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Re: Rolling master branch
- From: Allan McRae <allan at archlinux dot org>
- To: Siddhesh Poyarekar <siddhesh at redhat dot com>, libc-alpha at sourceware dot org
- Date: Mon, 29 Sep 2014 22:11:00 +1000
- Subject: Re: Rolling master branch
- Authentication-results: sourceware.org; auth=none
- References: <20140929082252 dot GB2217 at spoyarek dot pnq dot redhat dot com>
On 29/09/14 18:22, Siddhesh Poyarekar wrote:
> Our current release model requires us to freeze the master branch for
> releases, until the release is cut and branched out. This results in
> a halt in development for usually about a month or so and any new
> patches that don't qualify for the current release have to wait till
> whenever the release happens.
> Instead, we could just create a release branch to indicate the freeze,
> which means that the release branch can only have pre-decided
> exceptions on top of it and nothing else, until we're ready to
> actually cut the release, the point which is tagged as the release.
> This would work more or less the same as the current workflow, except
> that it frees up master for continuous development and the release
> manager and committers may have to push to two branches instead of one
> until the release is tagged.
Here are lessons I learned from the last two releases, which may not
answer your question directly, but looks at why the freeze is so long.
>From memory, 2.19 took a week longer than planned and 2.20 took five
weeks longer. For 2.20, we were always going to be at least two weeks
late given the timing of the cauldron and various holidays, so three
weeks were effectively added. This is on top of a four week release freeze.
Here is what I learned:
1) We need to be very stringent in defining what is a release blocker.
For 2.20, the -Wundef fixes should never have been added as they were
too far away and this was the major delay. Goals like that should
appear very early in the release cycle or delayed to the next.
2) If during freeze there is controversy regarding something added
during development, be more readily prepared to revert it if it is not
very important. This happened with some TLS patches in the glibc-2.19
release phase and was the primary delay.
3) Collecting test results takes time. I'm not sure how this can be
improved given the number of machines we test means that some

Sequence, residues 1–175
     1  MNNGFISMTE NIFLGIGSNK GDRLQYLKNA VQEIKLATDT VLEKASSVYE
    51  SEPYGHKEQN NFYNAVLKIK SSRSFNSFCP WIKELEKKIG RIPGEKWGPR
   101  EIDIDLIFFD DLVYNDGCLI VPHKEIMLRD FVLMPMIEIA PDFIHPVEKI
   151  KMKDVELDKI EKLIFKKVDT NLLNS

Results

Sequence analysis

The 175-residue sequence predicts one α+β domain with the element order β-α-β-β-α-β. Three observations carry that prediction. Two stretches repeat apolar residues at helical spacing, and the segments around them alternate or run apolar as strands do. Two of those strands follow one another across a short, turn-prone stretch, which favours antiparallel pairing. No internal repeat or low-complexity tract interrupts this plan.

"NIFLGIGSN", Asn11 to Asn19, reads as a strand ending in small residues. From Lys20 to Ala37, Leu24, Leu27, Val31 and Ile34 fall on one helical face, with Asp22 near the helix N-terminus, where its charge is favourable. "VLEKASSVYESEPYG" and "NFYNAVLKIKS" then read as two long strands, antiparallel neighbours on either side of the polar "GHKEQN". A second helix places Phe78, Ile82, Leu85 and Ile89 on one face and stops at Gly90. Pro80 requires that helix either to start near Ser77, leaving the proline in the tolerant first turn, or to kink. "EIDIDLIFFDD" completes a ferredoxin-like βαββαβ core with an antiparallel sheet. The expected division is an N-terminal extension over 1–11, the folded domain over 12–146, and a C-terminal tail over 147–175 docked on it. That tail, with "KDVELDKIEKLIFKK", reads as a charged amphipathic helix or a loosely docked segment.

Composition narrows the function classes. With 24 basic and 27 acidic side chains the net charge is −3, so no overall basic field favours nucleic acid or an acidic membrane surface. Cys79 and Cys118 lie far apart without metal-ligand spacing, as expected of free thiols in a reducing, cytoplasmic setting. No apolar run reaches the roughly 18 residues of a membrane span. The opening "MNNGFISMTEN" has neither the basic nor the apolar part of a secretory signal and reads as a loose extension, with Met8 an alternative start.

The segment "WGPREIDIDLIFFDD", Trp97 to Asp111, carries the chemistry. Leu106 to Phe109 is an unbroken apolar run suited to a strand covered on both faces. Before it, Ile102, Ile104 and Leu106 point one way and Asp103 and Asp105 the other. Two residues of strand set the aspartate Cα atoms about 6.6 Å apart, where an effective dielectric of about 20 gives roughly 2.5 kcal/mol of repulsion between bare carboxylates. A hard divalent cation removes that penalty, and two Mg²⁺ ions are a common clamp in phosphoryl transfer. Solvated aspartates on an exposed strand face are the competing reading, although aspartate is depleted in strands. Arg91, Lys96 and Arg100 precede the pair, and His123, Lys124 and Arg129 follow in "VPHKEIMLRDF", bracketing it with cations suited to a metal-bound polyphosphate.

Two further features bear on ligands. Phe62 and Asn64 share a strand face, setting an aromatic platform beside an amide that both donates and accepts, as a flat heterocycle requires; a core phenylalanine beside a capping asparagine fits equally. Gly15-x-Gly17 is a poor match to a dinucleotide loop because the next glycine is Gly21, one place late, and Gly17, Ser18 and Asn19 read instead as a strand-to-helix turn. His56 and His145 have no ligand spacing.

maintainers are bound to be away. I also note that only one
architecture tested gcc-4.4, with the rest mostly tested on gcc-4.8 and
gcc-4.9. So our test coverage is not stunning.
So I see two points. How can we speed up the release phase and is a
separate release branch needed?
Both the main delays in the 2.19 and 2.20 release were caused by my
inexperience at pushing a release. I had not encountered issue #1 and
#2 during a release before, and so it took time to make a decision.
This will always be a problem with the two release cycle we are doing
with release managers and if you select someone who is not a large
contributor and thus needs more informed for their decision making
(although, I think it is far better to have large contributors doing
coding and not release management). That can be improved by people
looking at the wiki status with blockers early on and speaking out that
things should not block, reversion should happen, etc.
Most of the testing status updates on the wiki happen in the final two
weeks. And translations are generally done over a two week span. So I
think the freeze could be substantially shortened if we track blockers
during development phase and be heavy handed in removing them.
If the release phase was two weeks, with a probably week extension,
would a separate branch for release stabilization be needed?
And, if you are still here after that wall of text, my opinion on
branching for release and continuing development on master are
pessimistic. Every experience I have of that situation is that releases
take substantially longer due to focus - or at least resources -
remaining on the master branch. As pointed out above, I think we are
under-tested anyway in terms of gcc/binutils/etc coverage and architectures.